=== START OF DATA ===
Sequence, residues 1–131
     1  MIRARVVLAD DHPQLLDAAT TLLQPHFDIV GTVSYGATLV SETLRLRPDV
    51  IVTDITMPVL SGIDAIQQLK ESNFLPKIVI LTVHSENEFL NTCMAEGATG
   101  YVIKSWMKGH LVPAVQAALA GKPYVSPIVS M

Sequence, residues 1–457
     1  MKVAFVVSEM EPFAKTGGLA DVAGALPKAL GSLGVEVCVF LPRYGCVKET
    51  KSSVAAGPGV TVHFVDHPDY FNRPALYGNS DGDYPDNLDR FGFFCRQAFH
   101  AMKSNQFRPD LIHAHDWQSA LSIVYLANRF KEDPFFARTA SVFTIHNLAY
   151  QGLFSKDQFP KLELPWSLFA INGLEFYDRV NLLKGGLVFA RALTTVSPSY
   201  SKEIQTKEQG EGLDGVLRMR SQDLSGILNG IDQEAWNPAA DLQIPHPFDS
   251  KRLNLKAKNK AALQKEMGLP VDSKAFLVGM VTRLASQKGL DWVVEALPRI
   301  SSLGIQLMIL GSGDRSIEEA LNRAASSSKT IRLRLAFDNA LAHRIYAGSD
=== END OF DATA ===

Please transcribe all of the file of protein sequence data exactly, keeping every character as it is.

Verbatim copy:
Sequence, residues 1–131
     1  MIRARVVLAD DHPQLLDAAT TLLQPHFDIV GTVSYGATLV SETLRLRPDV
    51  IVTDITMPVL SGIDAIQQLK ESNFLPKIVI LTVHSENEFL NTCMAEGATG
   101  YVIKSWMKGH LVPAVQAALA GKPYVSPIVS M

Sequence, residues 1–457
     1  MKVAFVVSEM EPFAKTGGLA DVAGALPKAL GSLGVEVCVF LPRYGCVKET
    51  KSSVAAGPGV TVHFVDHPDY FNRPALYGNS DGDYPDNLDR FGFFCRQAFH
   101  AMKSNQFRPD LIHAHDWQSA LSIVYLANRF KEDPFFARTA SVFTIHNLAY
   151  QGLFSKDQFP KLELPWSLFA INGLEFYDRV NLLKGGLVFA RALTTVSPSY
   201  SKEIQTKEQG EGLDGVLRMR SQDLSGILNG IDQEAWNPAA DLQIPHPFDS
   251  KRLNLKAKNK AALQKEMGLP VDSKAFLVGM VTRLASQKGL DWVVEALPRI
   301  SSLGIQLMIL GSGDRSIEEA LNRAASSSKT IRLRLAFDNA LAHRIYAGSD